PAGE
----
Abundant Ornithischian Fossils shed light on Late Cretaceous mega-fauna
With the re-examination of many of the lost quarries within the Dinosaur Provincial Park of Alberta more data on the palaeocommunities from this region has been collected. This has provided some intriguing information that may indicate a succession line of ornithischian genera (both ceratopsia and hadrosauridae) and lead to a greater understanding of the type of habitats preferred by many types of dinosaur.
Between 1898 and 1954 nearly 40 large palaeontological expeditions were sent out into the Dinosaur Provincial Park many led by the famous Charles Sternberg and his sons, collecting museum quality specimens for institutions such as the Royal Ontario museum, the American museum of Natural History and the then British museum (London Natural History museum). However, poor and incomplete field documentation as well as incorrectly catalogued field photographs has led to a number of these sites being “lost”. The rapid erosion of the messas and buttes within the local landscape has further complicated the finding of these fossil sites from just the photographic evidence alone.
Researchers from the Royal Tyrrell museum have been playing detective and gathering evidence so that these old quarries can be located and mapped using modern global positioning technology. Re-visiting these sites once they had been found again has yielded more specimens and important micro-fossils, overlooked by the scientists during the first excavations. It is a good job some palaeontologists are untidy, many of the sites have been found again as site rubbish dumps have been located. Dates when expeditions first visited a site have been calculated by studying old newspapers left behind by the original scientists. During the early to mid part of the 20th Century, expeditions would carry bundles of old newspapers with them to wrap fossils. Fragments of newspaper recovered from the dumps and from around old quarries has helped the Royal Tyrrell team to accurately date when these quarries were first explored.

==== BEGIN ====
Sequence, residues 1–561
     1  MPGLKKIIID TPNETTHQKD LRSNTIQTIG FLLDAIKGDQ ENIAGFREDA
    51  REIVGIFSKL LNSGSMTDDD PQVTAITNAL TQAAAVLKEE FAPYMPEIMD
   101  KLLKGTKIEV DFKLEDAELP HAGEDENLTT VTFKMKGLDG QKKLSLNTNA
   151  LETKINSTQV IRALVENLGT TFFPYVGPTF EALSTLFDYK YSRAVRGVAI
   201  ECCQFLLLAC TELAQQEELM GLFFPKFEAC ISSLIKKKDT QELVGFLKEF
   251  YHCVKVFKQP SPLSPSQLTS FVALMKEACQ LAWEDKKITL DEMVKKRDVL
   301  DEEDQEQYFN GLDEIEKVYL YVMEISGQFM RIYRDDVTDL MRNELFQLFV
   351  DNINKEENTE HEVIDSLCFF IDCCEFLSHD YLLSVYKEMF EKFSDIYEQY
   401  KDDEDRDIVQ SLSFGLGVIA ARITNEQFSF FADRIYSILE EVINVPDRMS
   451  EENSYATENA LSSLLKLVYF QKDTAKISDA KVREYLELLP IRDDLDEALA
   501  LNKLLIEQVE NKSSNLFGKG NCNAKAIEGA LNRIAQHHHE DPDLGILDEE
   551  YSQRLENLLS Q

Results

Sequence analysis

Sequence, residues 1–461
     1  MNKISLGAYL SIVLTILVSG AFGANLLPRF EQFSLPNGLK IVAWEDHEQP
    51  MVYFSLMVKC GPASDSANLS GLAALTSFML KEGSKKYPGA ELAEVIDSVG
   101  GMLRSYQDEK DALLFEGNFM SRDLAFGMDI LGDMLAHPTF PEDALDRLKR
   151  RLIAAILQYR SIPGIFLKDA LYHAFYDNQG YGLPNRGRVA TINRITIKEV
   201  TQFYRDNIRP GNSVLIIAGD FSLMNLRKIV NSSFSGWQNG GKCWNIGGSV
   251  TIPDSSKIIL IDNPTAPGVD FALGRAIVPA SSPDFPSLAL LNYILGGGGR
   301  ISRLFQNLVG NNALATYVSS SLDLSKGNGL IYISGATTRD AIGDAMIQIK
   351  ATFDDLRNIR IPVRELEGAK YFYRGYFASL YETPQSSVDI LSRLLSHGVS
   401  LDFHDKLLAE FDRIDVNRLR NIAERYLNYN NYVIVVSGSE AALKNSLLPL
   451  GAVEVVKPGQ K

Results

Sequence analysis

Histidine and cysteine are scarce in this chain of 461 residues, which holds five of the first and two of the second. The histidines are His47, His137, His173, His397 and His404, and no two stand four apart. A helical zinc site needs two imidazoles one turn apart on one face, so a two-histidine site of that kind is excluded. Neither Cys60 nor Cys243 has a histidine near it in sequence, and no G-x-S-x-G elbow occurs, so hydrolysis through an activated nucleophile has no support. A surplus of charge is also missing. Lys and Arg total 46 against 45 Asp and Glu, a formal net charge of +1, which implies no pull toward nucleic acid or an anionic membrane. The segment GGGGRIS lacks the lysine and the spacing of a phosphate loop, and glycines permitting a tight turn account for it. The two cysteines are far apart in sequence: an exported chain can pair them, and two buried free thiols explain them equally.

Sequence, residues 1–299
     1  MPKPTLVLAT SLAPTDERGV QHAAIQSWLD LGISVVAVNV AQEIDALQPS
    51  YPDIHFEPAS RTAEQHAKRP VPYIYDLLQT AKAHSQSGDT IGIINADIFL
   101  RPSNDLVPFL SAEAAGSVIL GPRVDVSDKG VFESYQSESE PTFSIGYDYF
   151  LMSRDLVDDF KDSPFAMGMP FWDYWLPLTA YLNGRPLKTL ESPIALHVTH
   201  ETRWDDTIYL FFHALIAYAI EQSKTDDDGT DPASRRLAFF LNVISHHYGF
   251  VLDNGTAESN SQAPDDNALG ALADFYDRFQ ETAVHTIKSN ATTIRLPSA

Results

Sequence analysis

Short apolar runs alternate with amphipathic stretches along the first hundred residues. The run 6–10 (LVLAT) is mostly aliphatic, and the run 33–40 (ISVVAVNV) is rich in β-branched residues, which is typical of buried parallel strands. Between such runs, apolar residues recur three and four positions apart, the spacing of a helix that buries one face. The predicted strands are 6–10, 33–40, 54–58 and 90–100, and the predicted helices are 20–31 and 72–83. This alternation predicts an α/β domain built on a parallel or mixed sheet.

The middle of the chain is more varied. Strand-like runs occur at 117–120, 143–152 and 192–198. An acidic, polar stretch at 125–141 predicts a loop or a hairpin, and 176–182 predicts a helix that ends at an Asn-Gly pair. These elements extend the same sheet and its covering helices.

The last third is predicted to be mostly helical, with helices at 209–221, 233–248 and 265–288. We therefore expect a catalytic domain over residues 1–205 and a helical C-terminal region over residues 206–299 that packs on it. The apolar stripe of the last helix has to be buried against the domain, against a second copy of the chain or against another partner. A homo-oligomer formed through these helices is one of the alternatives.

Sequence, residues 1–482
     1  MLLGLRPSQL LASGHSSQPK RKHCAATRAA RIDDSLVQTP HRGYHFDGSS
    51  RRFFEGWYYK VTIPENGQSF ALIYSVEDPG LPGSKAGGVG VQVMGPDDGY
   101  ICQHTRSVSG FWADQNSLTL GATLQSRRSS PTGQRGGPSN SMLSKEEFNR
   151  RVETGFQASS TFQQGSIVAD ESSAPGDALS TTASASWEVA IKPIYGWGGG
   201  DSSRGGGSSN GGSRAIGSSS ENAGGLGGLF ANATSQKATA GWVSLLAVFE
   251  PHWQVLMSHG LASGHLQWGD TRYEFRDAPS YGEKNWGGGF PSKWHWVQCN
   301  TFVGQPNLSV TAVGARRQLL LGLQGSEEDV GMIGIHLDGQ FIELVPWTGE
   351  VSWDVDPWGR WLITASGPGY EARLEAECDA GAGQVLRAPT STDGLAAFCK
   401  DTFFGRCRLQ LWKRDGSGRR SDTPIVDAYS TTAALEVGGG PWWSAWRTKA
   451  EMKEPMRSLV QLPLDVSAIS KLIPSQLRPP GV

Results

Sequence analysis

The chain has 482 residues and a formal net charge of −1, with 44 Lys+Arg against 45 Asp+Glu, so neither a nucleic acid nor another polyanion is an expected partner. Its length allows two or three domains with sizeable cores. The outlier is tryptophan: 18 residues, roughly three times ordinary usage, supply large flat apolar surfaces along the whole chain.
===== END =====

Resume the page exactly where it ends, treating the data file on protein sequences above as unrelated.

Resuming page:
Modern palaeontological techniques have helped produce more finds and the sites have been properly numbered and accurately recorded. This helped provide a clearer picture of the changes in environment and the resulting fauna over the 2 million years or so that the Dinosaur Park Formation represents (believed to cover 76 million – 74 million years ago).
Using this new information and the stratigraphic distribution of ornithischian dinosaurs, a time frame for major genera can be plotted. For example, no Chasmosaurines have been found in the Oldman Formation, but Chasmosaurs have been found in upper Campanian sediments dating from 76 million years ago, with Chasmosaurus russelli being found in the earliest strata with Chasmosaurus belli being found in later strata, indicating a succession. Another ceratopsian group, the Centrosaurines are confined to a zone of sediments about 40 metres deep dating from 76.5 mya to about 75 mya, after this their place in the fossil record seems to be taken by Styracosaurs.
A similar pattern of succession can be seen in the main hadrosaur types around at the time when these sediments were laid down. In earlier sediments, roughly equating to the time of Centrosaurine dominance in the ceratopsia fauna, Corythosaurus genera dominate. These give way to increasing numbers of Lambeosaurs such as Lambeosaurus magnicristatus.
does not mean that the animals that preceded the later ones are
directly ancestral to them, but it might indicate that certain genera
were better able to adapt to the changing environment in this part of
western North America during the latter stages of the Cretaceous. The
Dinosaur Park Formation was deposited in the last stages of the
transgressive phase of the Bearpaw cycle. Rising sea-levels would have
made the area much more coastal and the climate would have been greatly
affected by the encroachment of the sea. Perhaps the Centrosaurs and
Corythosaurs were less able to adapt to the changing environment and
preferred more inland habitats. This allowed the Styracosaurs and the
Lambeosaurs to move in and out compete these other dinosaurs.
Ornithischian Faunal Zones within upper Campanian Stratigraphy of Alberta
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